Note that you cannot access a container through SSH if it is not up and running. So first you need to start the container, and only then connect to it through SSH. As seen on the printed message, you can connect to the started container with SSH by running this:

$ ssh wordpress.local -F .vagrant/ssh/config

Then when you are inside the container you can run normal wp-cli commands, including most of our own custom commands. The log suggested also running the command $wp-development-up. What this does, is import themes, plugins and database, if you have configured settings for your production site in the config.yml file.

You can also use docker-compose exec to get inside the container as root-user. This is handy if the container is somehow malfunctioning. You need to give the command the container name and a command to run inside the container.

Docker images that Seravo offers

The different Docker images that Seravo offers can be found at Docker Hub which is place to share images publicly. “Tags” are the different images, and they can be found here

The default image in our project template is nightly. This is defined in docker-compose.yml.


Can be used if you want to create your own automatic tests for your site.


This is a stable version of all of our software.


A new version generated every night, contains the newest versions of everything.


This works if no tag for the image is given, this should be the same as development image. Should reduce bugs if the tag is missing for some reason.

other images

There are also a couple of older images in the Hub. If you for some reason absolutely want to use an older version of Linux, there is an image for that. These can also be used in troubleshooting, if it seems that some change in the image has affected the local environment.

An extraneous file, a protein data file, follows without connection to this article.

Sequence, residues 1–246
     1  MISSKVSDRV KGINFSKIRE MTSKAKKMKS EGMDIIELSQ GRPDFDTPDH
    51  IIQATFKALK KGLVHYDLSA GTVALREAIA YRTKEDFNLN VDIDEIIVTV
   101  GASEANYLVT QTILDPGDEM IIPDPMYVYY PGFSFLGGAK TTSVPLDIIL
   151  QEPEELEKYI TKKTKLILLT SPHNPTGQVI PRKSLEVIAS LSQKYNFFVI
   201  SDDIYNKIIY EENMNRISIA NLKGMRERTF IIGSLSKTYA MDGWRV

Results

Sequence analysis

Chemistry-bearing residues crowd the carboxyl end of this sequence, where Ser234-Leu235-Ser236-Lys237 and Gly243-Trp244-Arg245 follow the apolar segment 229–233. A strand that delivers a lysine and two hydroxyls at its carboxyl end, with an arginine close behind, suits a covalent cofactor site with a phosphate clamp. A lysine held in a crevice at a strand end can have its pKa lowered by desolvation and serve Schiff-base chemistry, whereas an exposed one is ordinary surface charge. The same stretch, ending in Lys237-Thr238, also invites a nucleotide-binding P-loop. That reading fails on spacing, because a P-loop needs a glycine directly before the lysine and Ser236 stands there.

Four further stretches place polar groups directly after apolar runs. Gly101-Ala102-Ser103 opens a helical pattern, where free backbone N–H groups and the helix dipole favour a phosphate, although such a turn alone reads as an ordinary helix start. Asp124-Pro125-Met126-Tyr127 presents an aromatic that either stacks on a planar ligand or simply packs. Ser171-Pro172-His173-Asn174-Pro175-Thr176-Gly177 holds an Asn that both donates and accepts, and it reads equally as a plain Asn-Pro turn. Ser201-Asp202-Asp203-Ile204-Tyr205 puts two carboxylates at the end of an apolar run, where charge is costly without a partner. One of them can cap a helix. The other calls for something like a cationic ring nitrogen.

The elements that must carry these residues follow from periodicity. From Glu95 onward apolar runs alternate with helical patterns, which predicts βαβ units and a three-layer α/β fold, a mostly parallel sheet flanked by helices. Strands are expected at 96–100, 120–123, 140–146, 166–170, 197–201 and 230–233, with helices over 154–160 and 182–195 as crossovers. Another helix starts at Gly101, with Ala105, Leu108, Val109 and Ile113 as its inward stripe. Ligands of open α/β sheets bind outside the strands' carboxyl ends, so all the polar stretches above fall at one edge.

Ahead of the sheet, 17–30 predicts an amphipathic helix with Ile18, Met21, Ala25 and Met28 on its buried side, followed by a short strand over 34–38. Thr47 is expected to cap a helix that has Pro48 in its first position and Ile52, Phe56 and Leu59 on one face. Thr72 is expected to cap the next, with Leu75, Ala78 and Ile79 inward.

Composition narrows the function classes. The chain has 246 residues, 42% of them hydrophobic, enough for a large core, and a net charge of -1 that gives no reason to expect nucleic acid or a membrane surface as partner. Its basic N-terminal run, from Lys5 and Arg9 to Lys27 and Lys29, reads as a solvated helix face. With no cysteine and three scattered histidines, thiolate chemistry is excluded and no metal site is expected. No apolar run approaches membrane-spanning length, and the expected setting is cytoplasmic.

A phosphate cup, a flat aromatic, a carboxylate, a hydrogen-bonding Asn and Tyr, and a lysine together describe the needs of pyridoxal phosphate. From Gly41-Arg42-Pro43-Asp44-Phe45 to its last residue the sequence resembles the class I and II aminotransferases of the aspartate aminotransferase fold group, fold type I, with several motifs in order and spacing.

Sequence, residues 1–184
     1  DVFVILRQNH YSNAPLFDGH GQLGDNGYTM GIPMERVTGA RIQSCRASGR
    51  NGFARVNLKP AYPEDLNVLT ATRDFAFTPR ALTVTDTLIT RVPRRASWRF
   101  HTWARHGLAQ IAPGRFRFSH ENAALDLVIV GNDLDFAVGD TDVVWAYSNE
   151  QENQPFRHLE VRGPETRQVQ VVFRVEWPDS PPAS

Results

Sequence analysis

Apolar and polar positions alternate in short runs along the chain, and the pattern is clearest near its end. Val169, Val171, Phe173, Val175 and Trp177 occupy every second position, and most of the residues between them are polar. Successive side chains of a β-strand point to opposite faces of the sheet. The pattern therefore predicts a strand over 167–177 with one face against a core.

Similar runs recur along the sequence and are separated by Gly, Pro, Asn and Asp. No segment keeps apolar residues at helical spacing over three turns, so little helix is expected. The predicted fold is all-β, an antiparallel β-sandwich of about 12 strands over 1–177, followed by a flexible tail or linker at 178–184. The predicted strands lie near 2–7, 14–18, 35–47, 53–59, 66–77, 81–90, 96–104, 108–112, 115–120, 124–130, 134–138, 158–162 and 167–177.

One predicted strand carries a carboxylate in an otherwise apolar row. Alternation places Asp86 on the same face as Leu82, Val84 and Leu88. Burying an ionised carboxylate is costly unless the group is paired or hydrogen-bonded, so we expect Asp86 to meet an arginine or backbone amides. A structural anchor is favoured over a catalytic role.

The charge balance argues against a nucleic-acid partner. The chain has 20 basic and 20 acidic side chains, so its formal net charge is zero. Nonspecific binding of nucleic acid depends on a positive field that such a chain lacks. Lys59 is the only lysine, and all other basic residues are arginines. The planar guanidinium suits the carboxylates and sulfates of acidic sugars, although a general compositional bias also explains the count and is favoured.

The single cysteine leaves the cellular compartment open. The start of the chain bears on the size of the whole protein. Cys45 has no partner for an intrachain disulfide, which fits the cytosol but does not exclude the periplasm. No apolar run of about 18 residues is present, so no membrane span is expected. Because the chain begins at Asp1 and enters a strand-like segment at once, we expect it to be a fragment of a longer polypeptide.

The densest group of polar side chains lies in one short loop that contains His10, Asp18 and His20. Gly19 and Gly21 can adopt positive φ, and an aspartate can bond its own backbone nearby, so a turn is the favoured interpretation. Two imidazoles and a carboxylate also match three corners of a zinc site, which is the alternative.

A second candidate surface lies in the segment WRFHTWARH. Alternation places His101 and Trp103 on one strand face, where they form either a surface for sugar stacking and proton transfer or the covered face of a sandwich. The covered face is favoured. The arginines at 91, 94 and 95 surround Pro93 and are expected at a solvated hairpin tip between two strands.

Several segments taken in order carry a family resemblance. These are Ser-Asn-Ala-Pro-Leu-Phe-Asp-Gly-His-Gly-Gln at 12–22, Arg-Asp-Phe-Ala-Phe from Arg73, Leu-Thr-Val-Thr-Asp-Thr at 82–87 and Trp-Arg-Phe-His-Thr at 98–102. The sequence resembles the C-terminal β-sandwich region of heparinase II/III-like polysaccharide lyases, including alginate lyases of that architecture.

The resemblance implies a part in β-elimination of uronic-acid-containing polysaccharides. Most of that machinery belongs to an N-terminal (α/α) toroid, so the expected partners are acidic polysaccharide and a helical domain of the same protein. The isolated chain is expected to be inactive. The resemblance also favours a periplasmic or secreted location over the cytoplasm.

If there are problems with the local environment, here are some things you can do.

What do the local config.yml and docker-compose.yml look like?

Compare to the ones in our project template. For example, if the site name is defined differently in these files, the site might not work properly. If avahi is not defined to “true”, the wordpress.local will not work on your browser.

Problems with pulling production data

Note that the pull commands will not return much if your site is not in version control (git). You also need to define the production site’s info correctly on the config.yml file.

Check the used image

Which image is being used? This can be found and changed in the docker-compose.yml file. Nightly and development images should work best. Try running $ docker-compose pull to get the latest version of the image. You can also try changing the image to see if that solves the problem.


The most useful commands for troubleshooting are docker-compose logs, docker-compose ps, docker-compose exec and docker-compose pull.

docker-compose logs

View log output from container(s).

docker-compose ps

List all currently running containers. Add -a or –all to display also stopped containers.

docker-compose exec

Execute a specific command in a running container.

docker-compose pull

Pull the latest version of the used image.

List of all available docker-compose commands can be found here.